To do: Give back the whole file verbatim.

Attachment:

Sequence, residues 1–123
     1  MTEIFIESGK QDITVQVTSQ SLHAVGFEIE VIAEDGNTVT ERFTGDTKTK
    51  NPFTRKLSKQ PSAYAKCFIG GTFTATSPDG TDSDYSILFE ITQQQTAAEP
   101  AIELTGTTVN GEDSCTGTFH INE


Sequence, residues 1–123
     1  MTEIFIESGK QDITVQVTSQ SLHAVGFEIE VIAEDGNTVT ERFTGDTKTK
    51  NPFTRKLSKQ PSAYAKCFIG GTFTATSPDG TDSDYSILFE ITQQQTAAEP
   101  AIELTGTTVN GEDSCTGTFH INE